Microsoft Virtual PC 2004

If you have every played with VMWare, you are going to enjoy Microsoft

Virtual PC 2004.

After Microsoft acquired Connectix in early 2003, they began to improve

and rebrand their virtual machine technology. If you are familiar with

VMWare, then you are familiar with the virtual machine environment. If

not, then you should probably brush up on this technology because it's

going to become more prominent over the next couple of years as

companies look for ways to consolidate servers within their data centers

and look for smooth ways to upgrade to the latest technology without

completely ridding itself of the legacy technology.

In its most basic sense, virtual machine technology utilized by

Microsoft Virtual PC 2004 is the virtualization (or encapsulation) of an

entire operating system environment such that you can have multiple

"workstations" running at the same time on a single hardware platform

running a single host operating system. For example, Virtual PC 2004,

you could have a host workstation on a Pentium IV 2.0Ghz machine with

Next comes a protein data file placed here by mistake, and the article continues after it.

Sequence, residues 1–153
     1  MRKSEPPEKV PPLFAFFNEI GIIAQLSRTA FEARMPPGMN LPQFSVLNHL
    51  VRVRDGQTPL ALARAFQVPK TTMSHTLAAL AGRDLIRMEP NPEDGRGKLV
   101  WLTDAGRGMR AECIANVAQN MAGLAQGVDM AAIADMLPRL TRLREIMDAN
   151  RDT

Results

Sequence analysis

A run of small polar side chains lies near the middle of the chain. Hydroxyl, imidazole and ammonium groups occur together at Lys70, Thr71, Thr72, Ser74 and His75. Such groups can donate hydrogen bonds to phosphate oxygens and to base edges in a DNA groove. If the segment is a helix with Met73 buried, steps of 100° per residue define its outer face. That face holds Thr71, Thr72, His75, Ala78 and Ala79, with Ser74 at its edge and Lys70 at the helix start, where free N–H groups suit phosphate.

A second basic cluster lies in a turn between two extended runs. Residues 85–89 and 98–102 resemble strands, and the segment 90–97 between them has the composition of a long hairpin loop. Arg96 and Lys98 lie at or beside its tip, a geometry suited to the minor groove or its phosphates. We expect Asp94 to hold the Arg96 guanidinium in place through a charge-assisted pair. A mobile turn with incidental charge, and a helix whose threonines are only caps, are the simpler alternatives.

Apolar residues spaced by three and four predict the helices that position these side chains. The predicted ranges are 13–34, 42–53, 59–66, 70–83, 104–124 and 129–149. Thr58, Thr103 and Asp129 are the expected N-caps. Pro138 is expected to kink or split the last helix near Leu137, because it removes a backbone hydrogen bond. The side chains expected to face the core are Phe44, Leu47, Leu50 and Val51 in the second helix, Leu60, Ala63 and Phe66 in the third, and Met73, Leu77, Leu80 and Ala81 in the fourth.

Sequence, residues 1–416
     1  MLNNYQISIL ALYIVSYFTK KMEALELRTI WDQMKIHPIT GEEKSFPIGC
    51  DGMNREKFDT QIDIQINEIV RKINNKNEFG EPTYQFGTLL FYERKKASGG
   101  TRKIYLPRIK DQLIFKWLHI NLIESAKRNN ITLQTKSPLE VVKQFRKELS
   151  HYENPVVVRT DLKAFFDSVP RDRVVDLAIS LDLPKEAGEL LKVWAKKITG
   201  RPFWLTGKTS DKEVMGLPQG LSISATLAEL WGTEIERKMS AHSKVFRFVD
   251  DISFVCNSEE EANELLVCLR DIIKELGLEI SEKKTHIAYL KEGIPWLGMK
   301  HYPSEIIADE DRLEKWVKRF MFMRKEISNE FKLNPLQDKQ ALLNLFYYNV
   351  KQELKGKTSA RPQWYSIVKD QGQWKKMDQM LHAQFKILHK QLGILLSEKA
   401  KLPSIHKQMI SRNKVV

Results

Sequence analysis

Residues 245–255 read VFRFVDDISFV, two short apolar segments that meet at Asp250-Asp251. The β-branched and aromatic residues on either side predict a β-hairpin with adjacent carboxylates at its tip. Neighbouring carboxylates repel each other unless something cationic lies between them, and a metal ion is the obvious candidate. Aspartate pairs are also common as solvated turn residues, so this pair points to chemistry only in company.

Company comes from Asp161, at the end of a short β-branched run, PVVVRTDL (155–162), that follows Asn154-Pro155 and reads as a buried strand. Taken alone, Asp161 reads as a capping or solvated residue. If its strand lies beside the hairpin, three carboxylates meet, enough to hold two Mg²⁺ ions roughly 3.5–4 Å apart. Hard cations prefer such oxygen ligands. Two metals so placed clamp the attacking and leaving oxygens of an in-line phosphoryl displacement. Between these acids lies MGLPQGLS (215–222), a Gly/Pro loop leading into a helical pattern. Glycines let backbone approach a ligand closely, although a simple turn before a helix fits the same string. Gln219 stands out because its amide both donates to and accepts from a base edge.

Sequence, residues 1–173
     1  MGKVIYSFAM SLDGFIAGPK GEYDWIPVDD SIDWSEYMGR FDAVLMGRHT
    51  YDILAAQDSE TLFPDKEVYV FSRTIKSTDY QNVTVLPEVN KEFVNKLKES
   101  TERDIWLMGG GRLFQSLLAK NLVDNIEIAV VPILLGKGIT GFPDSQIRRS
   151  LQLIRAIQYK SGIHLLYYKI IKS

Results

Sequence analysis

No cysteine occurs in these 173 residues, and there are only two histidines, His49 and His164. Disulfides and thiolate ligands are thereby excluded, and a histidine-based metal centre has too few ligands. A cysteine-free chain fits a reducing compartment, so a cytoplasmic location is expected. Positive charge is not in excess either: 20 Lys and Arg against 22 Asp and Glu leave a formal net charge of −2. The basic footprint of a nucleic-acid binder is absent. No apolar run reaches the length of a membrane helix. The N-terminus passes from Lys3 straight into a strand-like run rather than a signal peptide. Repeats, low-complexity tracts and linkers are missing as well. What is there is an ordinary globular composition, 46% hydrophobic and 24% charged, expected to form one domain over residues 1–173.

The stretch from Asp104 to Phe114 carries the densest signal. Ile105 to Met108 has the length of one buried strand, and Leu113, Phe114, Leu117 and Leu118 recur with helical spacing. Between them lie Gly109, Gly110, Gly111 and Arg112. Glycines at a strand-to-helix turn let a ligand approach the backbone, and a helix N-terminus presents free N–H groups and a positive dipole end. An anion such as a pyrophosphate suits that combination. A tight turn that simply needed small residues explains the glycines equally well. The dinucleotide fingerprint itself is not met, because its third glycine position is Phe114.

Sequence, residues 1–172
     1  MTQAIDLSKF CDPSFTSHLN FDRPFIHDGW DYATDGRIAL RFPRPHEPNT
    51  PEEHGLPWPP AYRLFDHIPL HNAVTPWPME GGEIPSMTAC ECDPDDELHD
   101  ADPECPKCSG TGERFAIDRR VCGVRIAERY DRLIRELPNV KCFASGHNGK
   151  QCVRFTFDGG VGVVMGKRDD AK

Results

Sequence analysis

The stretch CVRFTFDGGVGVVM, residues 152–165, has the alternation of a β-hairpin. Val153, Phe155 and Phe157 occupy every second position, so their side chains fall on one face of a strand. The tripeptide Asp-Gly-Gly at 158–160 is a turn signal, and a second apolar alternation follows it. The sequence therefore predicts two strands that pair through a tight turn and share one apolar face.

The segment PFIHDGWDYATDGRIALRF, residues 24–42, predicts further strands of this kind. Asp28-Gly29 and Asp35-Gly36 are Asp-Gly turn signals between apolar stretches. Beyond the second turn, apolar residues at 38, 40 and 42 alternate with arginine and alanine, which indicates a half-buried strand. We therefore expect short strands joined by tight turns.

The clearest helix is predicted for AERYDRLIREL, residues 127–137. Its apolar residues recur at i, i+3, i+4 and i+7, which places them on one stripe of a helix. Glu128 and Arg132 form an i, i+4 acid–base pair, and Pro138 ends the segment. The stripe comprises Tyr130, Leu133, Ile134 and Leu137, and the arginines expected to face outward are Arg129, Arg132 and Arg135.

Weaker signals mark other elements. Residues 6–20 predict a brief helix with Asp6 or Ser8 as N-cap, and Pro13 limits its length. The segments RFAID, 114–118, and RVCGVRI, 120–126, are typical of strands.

2GB of RAM running Windows XP Professional, and then build one or more

Virtual PCs running Windows 2000 Professional, Windows 95 and Windows

Me. Each of the Virtual PCs would look, feel, and act just like a

unique machine on the network, but they are all sharing the same

physical hardware.

You may ask why you would want to do something like this, especially

since Microsoft is discontinuing support on some of the older operating

systems, and since you would rather have the latest and greatest

operating system anyway. Well, the answer is simple: there are still

needs within most organizations for many of these legacy operating

systems due to old software that requires these older systems, and

cannot be updated to run on the newer systems.

Additionally, Virtual PC 2004 makes for an exceptional software

development environment. You can have your host machine running Windows

XP Professional, and build multiple Windows XP Professional virtual

machines so that you can test a new application you are developing.

This allows you to do your testing in a more cost effective manner

(because you do not have to purchase the additional PCs to do the

testing), plus you have the ability to quickly recreate a virtual PC

session in the event that you need to start fresh.

You can find out more about Microsoft Virtual PC 2004 at Join me next week when I

discuss the upcoming release of Microsoft Virtual Server.

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